3. The Horror
An age-old curse on the town of Verona is invoked when blood is spilled in the town square, splashing a satanic gargoyle rumored to be guarding the gates to hell. All witnesses to the spilled blood turn to flesh-eating zombies intent on mankind's destruction. Romeo and Juliet, sleeping late after a night of wild love-making, are the only townsfolk to escape the curse. They attempt to flee—wisely and slow; they stumble that run fast—but already the pack of zombies have surrounded the House of Capulet and Paris-zombie is scaling Juliet's balcony. Our young lovers attempt to fight off the hungry zombie attacks with but a lute and thorny rose vines. Alas, these violent delights have violent ends.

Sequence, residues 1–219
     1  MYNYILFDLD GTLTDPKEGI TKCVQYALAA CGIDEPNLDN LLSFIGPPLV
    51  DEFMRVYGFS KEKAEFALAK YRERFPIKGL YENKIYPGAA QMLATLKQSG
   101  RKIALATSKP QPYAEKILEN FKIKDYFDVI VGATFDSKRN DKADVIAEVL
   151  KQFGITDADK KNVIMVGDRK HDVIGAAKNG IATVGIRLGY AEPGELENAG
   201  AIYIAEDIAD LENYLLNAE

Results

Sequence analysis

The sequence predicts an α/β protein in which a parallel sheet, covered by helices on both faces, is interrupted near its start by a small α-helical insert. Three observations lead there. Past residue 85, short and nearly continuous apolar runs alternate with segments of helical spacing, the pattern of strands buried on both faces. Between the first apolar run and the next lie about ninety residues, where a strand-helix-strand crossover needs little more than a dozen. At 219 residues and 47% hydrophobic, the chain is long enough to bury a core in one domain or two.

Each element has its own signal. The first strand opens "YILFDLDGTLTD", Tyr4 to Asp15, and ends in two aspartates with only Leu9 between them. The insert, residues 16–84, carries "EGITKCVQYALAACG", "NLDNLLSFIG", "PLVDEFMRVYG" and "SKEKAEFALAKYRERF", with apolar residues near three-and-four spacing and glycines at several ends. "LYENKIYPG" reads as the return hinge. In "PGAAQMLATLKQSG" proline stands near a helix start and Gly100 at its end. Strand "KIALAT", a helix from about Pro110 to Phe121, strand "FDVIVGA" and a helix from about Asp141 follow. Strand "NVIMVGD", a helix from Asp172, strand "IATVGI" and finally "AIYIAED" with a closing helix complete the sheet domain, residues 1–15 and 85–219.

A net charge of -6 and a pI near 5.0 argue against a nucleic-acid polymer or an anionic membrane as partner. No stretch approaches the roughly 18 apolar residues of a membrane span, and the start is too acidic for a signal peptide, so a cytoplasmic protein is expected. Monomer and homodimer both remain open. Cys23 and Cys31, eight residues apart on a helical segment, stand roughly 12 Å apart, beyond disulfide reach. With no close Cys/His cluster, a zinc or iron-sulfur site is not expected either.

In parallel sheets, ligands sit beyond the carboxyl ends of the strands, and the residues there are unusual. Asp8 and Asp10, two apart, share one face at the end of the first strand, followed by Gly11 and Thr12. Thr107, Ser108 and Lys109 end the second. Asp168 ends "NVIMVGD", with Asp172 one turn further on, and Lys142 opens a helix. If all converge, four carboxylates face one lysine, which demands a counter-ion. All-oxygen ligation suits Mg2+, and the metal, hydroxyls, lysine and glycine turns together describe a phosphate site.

4. The YA Dystopian
A plague in the fair town of Verona transforms life into four factions: The Immune, the Quarantined, the Unguarded, and the Infected—a secret status dictated by the government and revealed to each citizen through a test on their fourteenth birthday. Young Juliet meets Romeo at a masked ball the day before turning fourteen, whereupon she learns she is, in fact, an Immune, while Romeo, tragically is an Unguarded. Fraternizing between factions is the town's highest crime. With dystopian law intent on keeping true love apart, Romeo and Juliet must find the secret serum (rumored to be in Mantua) that will transform them both into Quarantined so they may live together forever. #AloneTogether.
5. The Financial Thriller